In addition, many of the books listed on our Bibliography page offer excellent historic photos, maps and documents relevant to the Capitol Hill neighborhood. Check also the extensive photo collections at the Historical Society of Washington, DC and the Washingtonian division of the DC Public Library.
Lorraine Reid was a young wife in 1947, new to Washington and tasked with finding a larger apartment for herself and her graduate student husband. With so few apartments to be had in the crowded post-war city, she wandered at length and used the opportunity to photograph buildings she came upon, many of them near the U.S. Capitol but in such dilapidated condition that politicians bemoaned their existence adjacent to the center of power. When Mrs. Reid downsized in 2013 and moved to Findlay, OH, she searched for a good home for her images. The Overbeck Project is grateful to be the recipient of her generosity. We also thank Nancy Freeman for scanning these images.
None of the dwellings Mrs. Reid photographed in 1947 exists today, but we’ve researched the addresses she provided and have identified each location and what is located there now. Please contact us to offer additional information about a scene or an alternative suggestion about the current use of the site.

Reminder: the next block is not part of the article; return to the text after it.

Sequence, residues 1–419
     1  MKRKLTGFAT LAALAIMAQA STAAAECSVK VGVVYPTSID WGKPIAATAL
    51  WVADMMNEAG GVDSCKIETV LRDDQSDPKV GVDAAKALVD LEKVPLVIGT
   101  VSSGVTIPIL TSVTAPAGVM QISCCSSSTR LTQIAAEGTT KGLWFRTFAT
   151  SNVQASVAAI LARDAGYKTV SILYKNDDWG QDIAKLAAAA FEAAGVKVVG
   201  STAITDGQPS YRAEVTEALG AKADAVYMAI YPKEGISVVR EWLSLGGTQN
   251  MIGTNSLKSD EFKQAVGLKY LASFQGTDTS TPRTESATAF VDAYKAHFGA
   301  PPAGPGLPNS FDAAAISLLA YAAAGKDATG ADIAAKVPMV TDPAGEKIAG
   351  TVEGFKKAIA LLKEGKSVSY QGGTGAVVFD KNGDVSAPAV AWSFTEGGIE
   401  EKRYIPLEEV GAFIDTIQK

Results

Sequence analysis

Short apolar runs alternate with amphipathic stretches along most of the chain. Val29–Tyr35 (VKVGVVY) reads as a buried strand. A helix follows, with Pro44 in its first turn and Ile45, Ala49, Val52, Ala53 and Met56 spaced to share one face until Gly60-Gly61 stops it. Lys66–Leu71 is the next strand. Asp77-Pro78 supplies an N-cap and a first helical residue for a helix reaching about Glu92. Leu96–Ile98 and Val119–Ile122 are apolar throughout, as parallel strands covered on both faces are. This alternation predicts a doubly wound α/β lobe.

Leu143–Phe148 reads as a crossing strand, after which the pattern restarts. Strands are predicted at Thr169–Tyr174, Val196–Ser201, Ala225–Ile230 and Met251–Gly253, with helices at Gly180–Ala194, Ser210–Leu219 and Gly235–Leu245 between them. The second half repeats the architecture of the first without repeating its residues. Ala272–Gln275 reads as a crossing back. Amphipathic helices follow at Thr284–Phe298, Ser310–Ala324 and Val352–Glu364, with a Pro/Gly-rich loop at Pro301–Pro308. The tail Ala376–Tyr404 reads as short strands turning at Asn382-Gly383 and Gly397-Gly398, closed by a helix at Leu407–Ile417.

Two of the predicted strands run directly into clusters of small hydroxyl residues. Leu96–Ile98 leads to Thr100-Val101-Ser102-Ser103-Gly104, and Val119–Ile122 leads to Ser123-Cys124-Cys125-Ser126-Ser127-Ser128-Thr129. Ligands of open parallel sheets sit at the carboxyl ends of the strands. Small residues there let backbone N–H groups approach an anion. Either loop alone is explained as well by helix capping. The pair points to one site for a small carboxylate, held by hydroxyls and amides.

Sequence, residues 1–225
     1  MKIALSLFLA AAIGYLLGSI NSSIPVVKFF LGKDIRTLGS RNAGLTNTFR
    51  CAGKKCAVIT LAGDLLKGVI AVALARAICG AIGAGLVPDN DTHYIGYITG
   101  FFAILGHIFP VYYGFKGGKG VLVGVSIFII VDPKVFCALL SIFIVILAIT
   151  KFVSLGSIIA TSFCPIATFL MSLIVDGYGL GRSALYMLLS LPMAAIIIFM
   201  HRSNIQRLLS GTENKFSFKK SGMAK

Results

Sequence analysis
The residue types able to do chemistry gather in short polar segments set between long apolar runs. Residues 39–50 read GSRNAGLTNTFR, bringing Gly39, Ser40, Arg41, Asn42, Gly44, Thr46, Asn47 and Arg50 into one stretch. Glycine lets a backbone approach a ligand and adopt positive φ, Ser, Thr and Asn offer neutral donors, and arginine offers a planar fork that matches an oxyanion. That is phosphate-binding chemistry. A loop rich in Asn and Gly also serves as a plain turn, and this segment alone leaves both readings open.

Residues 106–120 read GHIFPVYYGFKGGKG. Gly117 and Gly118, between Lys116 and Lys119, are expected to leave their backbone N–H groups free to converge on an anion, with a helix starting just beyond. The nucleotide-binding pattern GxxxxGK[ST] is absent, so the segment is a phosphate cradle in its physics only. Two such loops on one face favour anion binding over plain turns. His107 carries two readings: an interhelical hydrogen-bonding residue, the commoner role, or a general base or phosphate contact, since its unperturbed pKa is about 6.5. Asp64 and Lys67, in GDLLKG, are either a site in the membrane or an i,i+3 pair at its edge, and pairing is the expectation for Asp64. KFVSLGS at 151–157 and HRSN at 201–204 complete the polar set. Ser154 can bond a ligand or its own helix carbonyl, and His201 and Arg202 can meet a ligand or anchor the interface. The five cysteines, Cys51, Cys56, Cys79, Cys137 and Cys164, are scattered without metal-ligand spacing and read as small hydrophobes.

The late John Alexander, a Washington attorney, lived at 217 Third Street SE from the early 1960s until about 1995. According to his daughter Michele Alexander, he absolutely loved the townhouse and the neighborhood, especially The Hawk & Dove, the bookstore and the restaurant next door, the cleaners, the drug store on the corner, etc.
In 1967, John purchased this original drawing of the corner of Third and Pennsylvania Avenue SE from Elizabeth Beer, staff artist for the Capitol Hill Spectator newspaper, after seeing the drawing in the paper's Sept. 14, 1967 edition. When Michele inherited the drawing from her father, she searched for an appropriate home for it and discovered the Overbeck Project. We are delighted to have her donation, and we've had it scanned (thank you, Nancy Freeman!). We're sharing it here because we think you'll enjoy seeing this lively, cheerful scene of one corner of our neighborhood as it looked over 50 years ago.